His dynamic style, energy, and command of all things cyber-related were evident Thursday (May 15) as he opened a two-day conference at Harvard Law School (HLS) to commemorate the 10th anniversary of the founding of the Berkman Center for Internet & Society.
The center, which Zittrain, Jack N. and Lillian R. Berkman Visiting Professor for Entrepreneurial Legal Studies, helped establish during the heart of the dotcom boom, was created, says its Web site, “to explore and understand cyberspace; to study its development, dynamics, norms and standards; and to assess the need or lack thereof for laws and sanctions.”
Zittrain’s opening talk, “The Future of the Internet (Take 1),” drew from his book “The Future of the Internet — And How to Stop It” (Yale University Press, 2008) and described both positive and negative aspects of the Internet. The talk noted the collaborative, open nature of the Web and included suggestions about how to combat threats to these qualities — qualities that make the Internet so fruitful and dangerous at the same time.
Josh Quittner, Who Will Rule The New Internet?, Time (June 4, 2008)
I ask Zuckerberg about the theory that closed, proprietary networks like Facebook could stifle the Net’s innovative spirit. That idea is the subject of The Future of the Internet and How to Stop It, a new book by Jonathan Zittrain, co-founder of Harvard University’s Berkman Center for Internet and Society. He argues that the rise of gated, closed communities like Facebook, the advent of the iPhone and even the seemingly innocuous standards-setting of Google could draw nerd talent away from the disruptive kind of innovation that occurred on the wild and woolly Net.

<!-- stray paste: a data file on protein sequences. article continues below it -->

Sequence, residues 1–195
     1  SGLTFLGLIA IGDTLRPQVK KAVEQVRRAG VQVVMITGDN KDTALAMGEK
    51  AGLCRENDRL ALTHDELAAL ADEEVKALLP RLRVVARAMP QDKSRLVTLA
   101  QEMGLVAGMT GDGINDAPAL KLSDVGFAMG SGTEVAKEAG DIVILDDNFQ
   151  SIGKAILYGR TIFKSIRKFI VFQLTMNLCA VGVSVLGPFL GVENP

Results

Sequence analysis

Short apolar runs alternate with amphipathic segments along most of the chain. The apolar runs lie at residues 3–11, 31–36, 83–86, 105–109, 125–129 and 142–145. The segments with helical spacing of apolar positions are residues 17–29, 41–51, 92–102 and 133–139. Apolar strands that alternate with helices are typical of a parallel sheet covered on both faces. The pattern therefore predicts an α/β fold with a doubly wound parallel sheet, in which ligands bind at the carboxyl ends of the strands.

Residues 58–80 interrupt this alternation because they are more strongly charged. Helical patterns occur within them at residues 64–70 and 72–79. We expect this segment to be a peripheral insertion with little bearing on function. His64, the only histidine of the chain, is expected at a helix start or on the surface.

Michael Holloway, The Future of the Internet in Focus, openrightsgroup.org (June 6, 2008)
On Wednesday of this week we co-hosted an event at the British Computer Society to discuss the problems raised by Jonathan Zittrain’s new book, “The Future of the Internet and How to Stop It.” Professor Zittrain was joined by technology journalist Bill Thompson and our Executive Director, Becky Hogge, to discuss the threat that insecurity and “tethered appliances” pose to the generative Internet. We were also fortunate enough to have an expert and lively audience.
Nate Anderson, Tim Wu: iPhone central to “future of the Internet“, ars technica (June 8, 2008)